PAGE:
Looking for a superb coastal walk this summer? Try the Ayrshire and Arran Coastal Paths
The fantastic Ayrshire Coastal Path strikes its course for 94 miles from Glenapp in the south to Skelmorlie in the north. Add to this the Arran Coastal Path, which circumnavigates its way round that magical island for 60 miles, and what you have is a truly magnificent coastal walk.
Cicerone author Keith Fergus' guidebook The Ayrshire and Arran Coastal Paths is the ideal companion to these great coastal walks. The fantastic Ayrshire Coastal Path strikes its course for 94 miles from Glenapp in the south to Skelmorlie in the north. Add to this the Arran Coastal Path, which circumnavigates its way round that magical island for 60 miles, and what you have is a truly magnificent coastal walk.
Many people assume that coastal walking is restricted to or mainly follows beach terrain, but that is definitely not true of the Ayrshire and Arran coastal path. Yes the Ayrshire and Arran Coastal Paths do travel over some beaches (and beautiful beaches at that) but this route also journeys across a magnificent and diverse landscape that is home to some remarkable scenery. While a substantial portion of the route takes you away from the well-beaten track it enables walkers to observe the rugged beauty of the coastline and enjoy its peace and quiet.
Furthermore, the coastline has a wealth of wonderful architecture: from the instantly recognisable castles Culzean and Brodick to smaller, hidden gems such as the Kennedy Mausoleum and Glenapp Church. Add to the mix a series of sublime beaches, secluded coves, fantastic wildlife, erratic rocks and boulders, a historical legacy of huge importance, world famous golf courses, old paths and roads and yes, Scotland’s most important literary figure Robert Burns, and you have an enormously rewarding long-distance walk.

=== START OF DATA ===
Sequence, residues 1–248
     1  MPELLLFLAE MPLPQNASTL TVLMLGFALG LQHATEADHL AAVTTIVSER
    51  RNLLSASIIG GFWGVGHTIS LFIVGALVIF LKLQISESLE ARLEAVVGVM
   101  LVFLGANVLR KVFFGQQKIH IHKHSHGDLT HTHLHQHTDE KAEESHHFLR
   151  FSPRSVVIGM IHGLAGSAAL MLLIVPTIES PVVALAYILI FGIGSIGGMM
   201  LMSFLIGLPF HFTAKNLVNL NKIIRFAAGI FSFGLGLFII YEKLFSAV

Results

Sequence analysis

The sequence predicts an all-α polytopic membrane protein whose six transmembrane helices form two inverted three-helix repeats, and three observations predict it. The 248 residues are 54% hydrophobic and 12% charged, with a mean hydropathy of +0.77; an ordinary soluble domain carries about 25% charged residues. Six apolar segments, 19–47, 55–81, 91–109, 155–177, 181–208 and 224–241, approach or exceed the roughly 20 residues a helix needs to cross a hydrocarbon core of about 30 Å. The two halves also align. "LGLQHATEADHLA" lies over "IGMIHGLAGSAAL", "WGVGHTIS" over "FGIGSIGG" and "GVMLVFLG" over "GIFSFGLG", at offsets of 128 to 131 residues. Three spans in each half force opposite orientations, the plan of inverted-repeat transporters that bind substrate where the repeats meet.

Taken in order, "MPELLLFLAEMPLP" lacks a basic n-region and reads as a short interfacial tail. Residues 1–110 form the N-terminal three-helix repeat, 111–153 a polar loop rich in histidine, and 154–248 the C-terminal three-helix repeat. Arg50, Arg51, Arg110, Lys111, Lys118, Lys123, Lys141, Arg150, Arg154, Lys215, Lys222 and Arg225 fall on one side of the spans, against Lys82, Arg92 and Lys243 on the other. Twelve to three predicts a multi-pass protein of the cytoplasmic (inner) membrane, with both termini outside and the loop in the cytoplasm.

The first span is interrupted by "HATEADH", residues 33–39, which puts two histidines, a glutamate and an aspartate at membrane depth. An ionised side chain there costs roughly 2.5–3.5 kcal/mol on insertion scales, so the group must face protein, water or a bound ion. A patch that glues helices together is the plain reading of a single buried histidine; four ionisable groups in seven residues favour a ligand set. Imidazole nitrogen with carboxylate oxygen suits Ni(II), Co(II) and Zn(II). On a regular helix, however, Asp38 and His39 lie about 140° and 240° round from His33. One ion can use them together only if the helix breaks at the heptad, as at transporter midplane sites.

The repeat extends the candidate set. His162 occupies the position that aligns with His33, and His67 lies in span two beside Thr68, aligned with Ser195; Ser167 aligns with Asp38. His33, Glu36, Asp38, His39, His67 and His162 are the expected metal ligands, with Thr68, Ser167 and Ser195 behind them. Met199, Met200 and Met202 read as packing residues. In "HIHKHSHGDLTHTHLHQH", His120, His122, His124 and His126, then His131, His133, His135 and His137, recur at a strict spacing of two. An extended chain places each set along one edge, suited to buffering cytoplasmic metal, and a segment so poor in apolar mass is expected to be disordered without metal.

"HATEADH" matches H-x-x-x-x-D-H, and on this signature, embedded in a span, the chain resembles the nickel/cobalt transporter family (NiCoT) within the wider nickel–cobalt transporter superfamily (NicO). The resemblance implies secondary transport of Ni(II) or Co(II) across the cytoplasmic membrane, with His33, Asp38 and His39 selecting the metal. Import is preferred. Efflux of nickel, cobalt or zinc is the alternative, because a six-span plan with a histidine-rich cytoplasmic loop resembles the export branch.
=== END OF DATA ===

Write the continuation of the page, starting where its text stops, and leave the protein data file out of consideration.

This is Scotland’s celebrated wild and windswept west coast at its finest.
The route can be walked in 11 days by an average walker but, despite it being well waymarked, a substantial portion crosses some surprisingly remote ground, open moorland and rocky terrain, so reasonable map and navigational skills are a prerequisite. The route is well served by an excellent public transport infrastructure and therefore it can be broken down into lovely one or two-day sections.
The routes can be walked at any time of the year, but the months between April and October offer the best conditions to enjoy them. Some sections are long (as far as 18 miles) and although these can be broken down to suit, they do require ample daylight. During the winter the beginning and end of the route may well finish in the dark. The spring, summer and autumn months also provide the best opportunities to view the wonderful plants and animals en route and allow the walks to proceed in, hopefully, reasonable weather.